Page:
BERLIN, March 11 — US President Donald Trump’s tariffs on steel and aluminium imports will cost jobs and growth, German Economy Minister Brigitte Zypries told Reuters today, adding that Europe and other free traders should not let themselves…
PETALING JAYA: The receiver and manager (R&M) of Perwaja Steel Sdn Bhd, Lim Tian Huat of insolvency firm Messrs Rodgers Reidy & Co, is in the midst of conducting valuation for the building and assets of the company which went into receivership in January this year.
On Jan 24, 2018, RHB Bank Bhd, one of the chargees, appointed Lim, who is Rodgers Reidy director of Malaysia and Singapore offices, as R&M of the properties of Perwaja Steel.
“R&M to sell assets of Perwaja. Still conducting valuation of the land and building and all assets of the company,” Lim told SunBiz in an email reply.
According to its filing with the Companies Commission of Malaysia, Perwaja Steel has 22 unsatisfied charges out of 40 charges. A charge is an interest or right which a lender or creditor obtains in a property of a company by way of security that the company will pay back the debt.
The company has current and non-current assets of about RM931.73 million and current liabilities of RM2.53 billion.
Perwaja Steel was incorporated on Oct 11, 1989. It ceased business operations in the manufacturing and trading of direct reduction iron, steel billets, beam blanks and blooms in 2013.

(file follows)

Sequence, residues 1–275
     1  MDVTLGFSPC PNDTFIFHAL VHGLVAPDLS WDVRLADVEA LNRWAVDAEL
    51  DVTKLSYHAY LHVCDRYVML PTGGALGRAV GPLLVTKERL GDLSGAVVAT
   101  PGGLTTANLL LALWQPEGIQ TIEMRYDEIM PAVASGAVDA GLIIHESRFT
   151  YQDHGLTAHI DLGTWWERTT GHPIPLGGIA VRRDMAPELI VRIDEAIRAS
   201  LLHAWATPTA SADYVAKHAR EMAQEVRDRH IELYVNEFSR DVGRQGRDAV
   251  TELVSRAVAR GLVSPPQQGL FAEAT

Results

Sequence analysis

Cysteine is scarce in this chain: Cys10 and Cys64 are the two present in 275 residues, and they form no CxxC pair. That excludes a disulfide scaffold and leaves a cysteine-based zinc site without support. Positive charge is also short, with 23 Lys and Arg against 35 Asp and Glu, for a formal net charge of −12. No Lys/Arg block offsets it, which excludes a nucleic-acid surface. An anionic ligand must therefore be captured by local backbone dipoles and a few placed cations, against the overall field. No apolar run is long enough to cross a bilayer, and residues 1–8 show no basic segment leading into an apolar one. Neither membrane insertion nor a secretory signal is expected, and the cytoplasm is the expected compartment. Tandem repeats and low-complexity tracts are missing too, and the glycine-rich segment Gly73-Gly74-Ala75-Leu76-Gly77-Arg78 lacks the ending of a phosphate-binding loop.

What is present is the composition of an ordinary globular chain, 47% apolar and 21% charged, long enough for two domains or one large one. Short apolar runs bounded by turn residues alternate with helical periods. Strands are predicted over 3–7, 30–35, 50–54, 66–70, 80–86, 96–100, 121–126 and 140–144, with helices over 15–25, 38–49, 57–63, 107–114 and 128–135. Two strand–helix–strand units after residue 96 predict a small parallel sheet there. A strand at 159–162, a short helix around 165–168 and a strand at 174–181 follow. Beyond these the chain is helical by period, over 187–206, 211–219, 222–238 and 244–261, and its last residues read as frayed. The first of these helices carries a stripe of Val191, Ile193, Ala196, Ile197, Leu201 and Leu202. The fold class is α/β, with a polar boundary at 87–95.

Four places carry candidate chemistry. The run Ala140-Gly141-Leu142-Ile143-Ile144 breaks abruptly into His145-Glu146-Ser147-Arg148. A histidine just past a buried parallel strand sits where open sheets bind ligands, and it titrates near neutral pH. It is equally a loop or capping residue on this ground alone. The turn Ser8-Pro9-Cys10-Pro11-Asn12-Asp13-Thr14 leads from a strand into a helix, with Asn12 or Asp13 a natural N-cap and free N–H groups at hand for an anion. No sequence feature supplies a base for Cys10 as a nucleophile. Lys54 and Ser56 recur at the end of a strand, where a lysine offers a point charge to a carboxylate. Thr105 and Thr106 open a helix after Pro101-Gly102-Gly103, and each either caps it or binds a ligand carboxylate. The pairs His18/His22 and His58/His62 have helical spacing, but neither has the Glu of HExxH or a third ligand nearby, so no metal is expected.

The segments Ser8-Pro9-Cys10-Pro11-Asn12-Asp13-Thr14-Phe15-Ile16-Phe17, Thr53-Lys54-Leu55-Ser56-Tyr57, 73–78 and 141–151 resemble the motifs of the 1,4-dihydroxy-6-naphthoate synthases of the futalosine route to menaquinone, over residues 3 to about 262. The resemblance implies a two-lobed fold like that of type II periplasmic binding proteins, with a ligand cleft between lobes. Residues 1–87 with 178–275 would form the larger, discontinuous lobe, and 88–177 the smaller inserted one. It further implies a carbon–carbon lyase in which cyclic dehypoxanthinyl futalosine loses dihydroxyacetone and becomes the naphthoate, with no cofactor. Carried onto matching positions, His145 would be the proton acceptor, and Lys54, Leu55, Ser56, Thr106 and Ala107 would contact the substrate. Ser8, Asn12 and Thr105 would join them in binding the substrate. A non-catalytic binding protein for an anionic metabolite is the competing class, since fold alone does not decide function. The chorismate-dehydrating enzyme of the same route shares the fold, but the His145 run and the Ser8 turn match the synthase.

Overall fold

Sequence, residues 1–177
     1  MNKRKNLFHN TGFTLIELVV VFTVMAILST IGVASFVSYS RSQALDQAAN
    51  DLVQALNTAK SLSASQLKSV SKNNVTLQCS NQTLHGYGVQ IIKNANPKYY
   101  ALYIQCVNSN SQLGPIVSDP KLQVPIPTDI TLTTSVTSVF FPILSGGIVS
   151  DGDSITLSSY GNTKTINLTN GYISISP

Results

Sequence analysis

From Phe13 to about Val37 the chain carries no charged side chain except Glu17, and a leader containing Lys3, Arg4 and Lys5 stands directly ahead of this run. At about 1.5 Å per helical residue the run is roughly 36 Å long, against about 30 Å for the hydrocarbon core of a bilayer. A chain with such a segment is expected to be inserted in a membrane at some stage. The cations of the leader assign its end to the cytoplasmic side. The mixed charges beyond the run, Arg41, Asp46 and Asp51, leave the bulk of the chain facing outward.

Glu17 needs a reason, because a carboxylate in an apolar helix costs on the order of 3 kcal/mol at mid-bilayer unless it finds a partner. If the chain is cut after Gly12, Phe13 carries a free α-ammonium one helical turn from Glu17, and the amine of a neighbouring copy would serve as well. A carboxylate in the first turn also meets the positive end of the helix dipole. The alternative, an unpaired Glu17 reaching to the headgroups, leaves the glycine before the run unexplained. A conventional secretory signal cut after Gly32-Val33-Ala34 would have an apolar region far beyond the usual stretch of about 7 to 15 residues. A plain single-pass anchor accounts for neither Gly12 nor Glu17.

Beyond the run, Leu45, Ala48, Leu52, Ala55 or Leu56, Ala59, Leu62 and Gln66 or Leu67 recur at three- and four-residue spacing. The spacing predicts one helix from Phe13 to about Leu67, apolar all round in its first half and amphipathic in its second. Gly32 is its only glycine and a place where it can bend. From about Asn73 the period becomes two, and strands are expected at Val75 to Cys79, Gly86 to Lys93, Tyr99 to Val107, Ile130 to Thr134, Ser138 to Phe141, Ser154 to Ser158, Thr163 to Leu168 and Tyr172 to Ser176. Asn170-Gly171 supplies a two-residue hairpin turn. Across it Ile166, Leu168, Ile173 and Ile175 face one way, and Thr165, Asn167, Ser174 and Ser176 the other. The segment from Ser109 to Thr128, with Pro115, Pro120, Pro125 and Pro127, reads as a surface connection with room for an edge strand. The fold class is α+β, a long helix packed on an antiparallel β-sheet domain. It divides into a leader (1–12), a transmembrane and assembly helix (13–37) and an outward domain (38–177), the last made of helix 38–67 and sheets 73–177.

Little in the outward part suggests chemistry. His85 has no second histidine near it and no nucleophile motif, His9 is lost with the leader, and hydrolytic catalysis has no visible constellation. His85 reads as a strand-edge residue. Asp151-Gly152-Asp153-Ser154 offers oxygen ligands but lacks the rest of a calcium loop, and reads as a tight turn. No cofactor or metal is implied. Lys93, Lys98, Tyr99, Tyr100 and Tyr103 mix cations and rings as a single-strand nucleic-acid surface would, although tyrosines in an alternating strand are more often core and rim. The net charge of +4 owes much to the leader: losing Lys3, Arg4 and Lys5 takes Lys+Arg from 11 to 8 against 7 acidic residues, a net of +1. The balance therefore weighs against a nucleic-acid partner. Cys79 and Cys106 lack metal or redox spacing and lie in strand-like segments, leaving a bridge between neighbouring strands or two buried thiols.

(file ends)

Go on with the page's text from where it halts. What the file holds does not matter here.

Its parent Perwaja Holdings was delisted from Bursa Malaysia Securities on May 30, 2017 after four years of being a Practice Note 17 (PN 17) company. In February 2017, a planned RM1.8 billion injection to revive the group’s plant in Kemaman, Terengganu, by Chinese conglomerate Tianjin Zhiyuan Investment Group Co Ltd lapsed.
For the nine-month period ended March 31, 2017, Perwaja’s net loss stood at RM181.33 million versus RM294.95 million in the same period a year ago. Revenue fell 40.6% from RM498,000 to RM296,000.
Directors Tan Sri Pheng Yin Huah and Datuk Henry Pheng Chin Guan declined to comment while substantial shareholder Tan Sri Abu Sahid Mohamed did not reply to queries from SunBiz.